We live in a culture, now - or we've created a culture - which has become so absorbed with purely human priorities that we've lost sight of the fact that, the way we're made, we have an in-built need reach beyond ourselves, to the eternal - to God. And in actual fact, our dignity is demeaned when we don't acknowledge that, rather than when we do.
The way we degrade our human dignity is by directing our need to adore towards the wrong objects - not towards God but towards created things, towards ourselves and our short-lived desires and inclinations.
I would certainly argue that, on balance, when you look around at our society, we've not improved ourselves by largely removing God from the horizon of our lives. We've not become better, more generous, more just, more compassionate, more truthful people, by doing away with the aspect of reverence and awe towards God.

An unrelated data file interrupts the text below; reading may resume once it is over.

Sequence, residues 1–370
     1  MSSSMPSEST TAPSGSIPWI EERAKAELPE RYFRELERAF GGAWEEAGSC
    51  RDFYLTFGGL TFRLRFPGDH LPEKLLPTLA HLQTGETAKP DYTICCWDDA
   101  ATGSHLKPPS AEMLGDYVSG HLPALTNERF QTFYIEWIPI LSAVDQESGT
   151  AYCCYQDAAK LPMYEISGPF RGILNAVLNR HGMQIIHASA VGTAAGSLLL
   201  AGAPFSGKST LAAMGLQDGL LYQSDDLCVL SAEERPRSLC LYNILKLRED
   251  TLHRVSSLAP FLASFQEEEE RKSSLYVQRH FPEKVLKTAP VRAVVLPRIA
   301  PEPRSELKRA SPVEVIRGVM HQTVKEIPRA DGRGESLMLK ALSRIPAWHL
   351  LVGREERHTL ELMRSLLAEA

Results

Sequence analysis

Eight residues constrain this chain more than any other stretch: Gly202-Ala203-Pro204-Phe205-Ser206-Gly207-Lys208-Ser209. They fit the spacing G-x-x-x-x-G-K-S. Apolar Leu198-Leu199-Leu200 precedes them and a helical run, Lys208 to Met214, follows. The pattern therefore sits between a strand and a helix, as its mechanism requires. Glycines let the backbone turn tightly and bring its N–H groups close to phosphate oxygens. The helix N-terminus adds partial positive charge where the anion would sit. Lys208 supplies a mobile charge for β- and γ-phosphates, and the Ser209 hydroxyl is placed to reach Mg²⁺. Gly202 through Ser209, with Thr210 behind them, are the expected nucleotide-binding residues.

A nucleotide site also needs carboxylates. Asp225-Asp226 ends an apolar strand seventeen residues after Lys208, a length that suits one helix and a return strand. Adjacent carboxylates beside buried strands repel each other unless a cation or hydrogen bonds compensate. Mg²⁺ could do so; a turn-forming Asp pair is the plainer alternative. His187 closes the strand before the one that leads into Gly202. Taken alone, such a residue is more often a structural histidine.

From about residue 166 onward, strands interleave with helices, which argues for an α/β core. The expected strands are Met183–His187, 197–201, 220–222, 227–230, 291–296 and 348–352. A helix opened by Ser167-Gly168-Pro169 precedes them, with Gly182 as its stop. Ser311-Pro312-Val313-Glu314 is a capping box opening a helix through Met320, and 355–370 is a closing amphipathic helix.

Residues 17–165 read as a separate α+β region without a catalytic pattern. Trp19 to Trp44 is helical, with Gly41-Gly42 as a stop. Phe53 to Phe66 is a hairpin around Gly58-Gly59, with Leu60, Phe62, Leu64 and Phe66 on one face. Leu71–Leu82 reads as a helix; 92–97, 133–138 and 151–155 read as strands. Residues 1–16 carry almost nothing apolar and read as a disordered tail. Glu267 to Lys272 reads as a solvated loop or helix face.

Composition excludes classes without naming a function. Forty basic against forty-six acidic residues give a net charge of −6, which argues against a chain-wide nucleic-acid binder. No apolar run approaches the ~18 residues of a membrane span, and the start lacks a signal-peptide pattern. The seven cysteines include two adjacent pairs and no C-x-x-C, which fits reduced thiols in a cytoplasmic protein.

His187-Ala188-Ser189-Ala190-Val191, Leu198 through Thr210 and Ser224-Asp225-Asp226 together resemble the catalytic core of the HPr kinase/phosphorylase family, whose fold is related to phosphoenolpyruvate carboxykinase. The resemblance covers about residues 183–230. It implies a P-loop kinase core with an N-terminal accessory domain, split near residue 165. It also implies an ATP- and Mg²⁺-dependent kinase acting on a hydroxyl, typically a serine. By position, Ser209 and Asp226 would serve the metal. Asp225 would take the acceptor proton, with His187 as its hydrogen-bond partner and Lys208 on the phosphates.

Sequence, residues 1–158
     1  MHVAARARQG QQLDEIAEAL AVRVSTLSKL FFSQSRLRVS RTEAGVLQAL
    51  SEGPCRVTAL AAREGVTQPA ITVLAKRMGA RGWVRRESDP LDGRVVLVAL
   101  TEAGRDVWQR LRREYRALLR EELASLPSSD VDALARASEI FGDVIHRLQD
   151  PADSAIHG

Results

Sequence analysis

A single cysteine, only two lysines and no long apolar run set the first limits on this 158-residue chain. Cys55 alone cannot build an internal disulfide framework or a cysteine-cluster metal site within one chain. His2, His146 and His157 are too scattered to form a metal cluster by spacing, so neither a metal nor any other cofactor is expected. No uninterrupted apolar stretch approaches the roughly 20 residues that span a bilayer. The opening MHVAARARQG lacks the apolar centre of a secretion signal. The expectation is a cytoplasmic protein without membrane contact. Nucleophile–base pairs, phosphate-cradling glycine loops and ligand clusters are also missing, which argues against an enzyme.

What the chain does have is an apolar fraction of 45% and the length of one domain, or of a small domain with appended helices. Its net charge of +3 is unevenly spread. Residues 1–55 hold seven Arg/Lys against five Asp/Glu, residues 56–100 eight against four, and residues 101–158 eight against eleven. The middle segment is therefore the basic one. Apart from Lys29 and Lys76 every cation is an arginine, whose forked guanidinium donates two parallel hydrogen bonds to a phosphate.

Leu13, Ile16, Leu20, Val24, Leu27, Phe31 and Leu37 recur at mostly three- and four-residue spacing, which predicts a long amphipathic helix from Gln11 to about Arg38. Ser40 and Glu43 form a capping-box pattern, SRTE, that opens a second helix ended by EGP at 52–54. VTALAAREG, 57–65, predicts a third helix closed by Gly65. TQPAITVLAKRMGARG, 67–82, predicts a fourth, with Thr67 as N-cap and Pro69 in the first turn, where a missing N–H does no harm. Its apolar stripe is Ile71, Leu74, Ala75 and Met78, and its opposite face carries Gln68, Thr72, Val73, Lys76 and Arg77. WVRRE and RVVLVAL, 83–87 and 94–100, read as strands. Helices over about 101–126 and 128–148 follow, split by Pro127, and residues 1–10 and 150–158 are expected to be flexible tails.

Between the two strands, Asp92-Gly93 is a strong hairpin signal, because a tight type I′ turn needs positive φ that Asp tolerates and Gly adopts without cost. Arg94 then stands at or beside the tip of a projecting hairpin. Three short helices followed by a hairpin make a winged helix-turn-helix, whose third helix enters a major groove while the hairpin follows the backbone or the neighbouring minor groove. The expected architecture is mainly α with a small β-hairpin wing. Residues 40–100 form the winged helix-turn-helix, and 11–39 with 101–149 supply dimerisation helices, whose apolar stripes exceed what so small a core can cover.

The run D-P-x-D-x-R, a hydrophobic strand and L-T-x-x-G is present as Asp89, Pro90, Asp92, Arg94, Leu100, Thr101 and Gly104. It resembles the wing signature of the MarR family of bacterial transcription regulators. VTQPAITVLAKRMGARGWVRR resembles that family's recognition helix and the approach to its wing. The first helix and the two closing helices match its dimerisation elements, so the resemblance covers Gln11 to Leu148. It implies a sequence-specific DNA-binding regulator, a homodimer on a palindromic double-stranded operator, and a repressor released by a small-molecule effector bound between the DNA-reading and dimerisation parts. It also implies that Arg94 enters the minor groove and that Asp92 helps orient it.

Our challenge as followers of Christ and as members of the Church is to show people that making genuine contact with God doesn't diminish our dignity as human beings. It brings out all the resources we've got within us that enhance our dignity. Because when we genuinely make contact with God we start to share in his life, we take on all the aspects of his character, and we start to get re-formed in the pattern of his holiness. The Word of God became flesh to lead us to a realisation of that truth.
So those are some of the aspects of the feast of Christmas that seemed to strike me most this year, for some reason. Those are the reflections I would offer on the readings that have been attached to the feast of Christmas Day, where the authors of the Christmas story show the child Jesus giving rise to this basic attitude of awe in the people who were first to see him and first to recognise him as the presence of God in the form of man.